There are several requirements for a bicycle chain lubricant:
- It must penetrate to the innards of the chain very quickly -- this implies low viscosity
- It must stay inside the chain and lubricate the chain well for a long amount of time -- this implies high viscosity
- It must be flowing to be able to replenish (this requirement is not met by e.g. wax)
- It must lubricate the chain but this is not really an issue since even water can lubricate a chain -- until it evaporates away, that is, and water is excellent in causing rust
- It must not rust the chain
- It must not collect dirt excessively
Chainsaw chains are rapidly moving so I assume in a chainsaw the action that moves the lubricant inside the chain is the motion of the chain. In a bicycle, you typically lubricate the chain, wait the oil to get inside, and then wipe the excess surface oil away. A chainsaw lubricant might require you to ride the bike for a mile or two for the lubricant to get inside the chain.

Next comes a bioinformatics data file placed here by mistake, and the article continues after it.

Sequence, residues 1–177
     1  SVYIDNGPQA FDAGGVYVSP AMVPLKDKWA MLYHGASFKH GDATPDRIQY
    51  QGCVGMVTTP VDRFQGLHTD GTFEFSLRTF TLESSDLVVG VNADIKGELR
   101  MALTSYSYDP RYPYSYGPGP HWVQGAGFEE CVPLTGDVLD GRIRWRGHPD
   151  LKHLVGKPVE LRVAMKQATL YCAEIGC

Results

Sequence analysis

Because chainsaw chains are rapidly moving, the lubricant must be thick so that it won't be flown away. Thus the second requirement is met: in the low-speed bicycle chains, the lubricant won't be thrown away.
The third requirement is met: as an oil it flows back once displaced.
Also the fourth requirement is easy: as an oil it lubricates.
The fifth requirement is easy: oil won't rust metal.
The real problem with chainsaw lubricants is that it may collect dirt easier than proper chain oils. This is of course a requirement that is very hard to be met as proper chain oils too collect dirt -- there is no lubricant that won't collect dirt.
So the chainsaw lubricant may be a bit slow to flow from the surface of the chain to the innards of the chain necessitating changing the lubrication procedure (ride a mile or two before wiping away the excess instead of waiting for a minute or two before wiping away the excess), and it may collect a bit too much dirt. Other than that, it meets the requirements.
A proper thixotropic motorcycle chain lubricant is better. It is applied from a spray can and agitated before spraying. The agitation and spraying makes the thixotropic lubricant thin, so it very easily penetrates the innards of the chain. Then when you let it settle, it gradually thickens. Start riding the bike and it becomes thin again due to the chain motion agitating it. Stop riding the bike and it becomes thick again.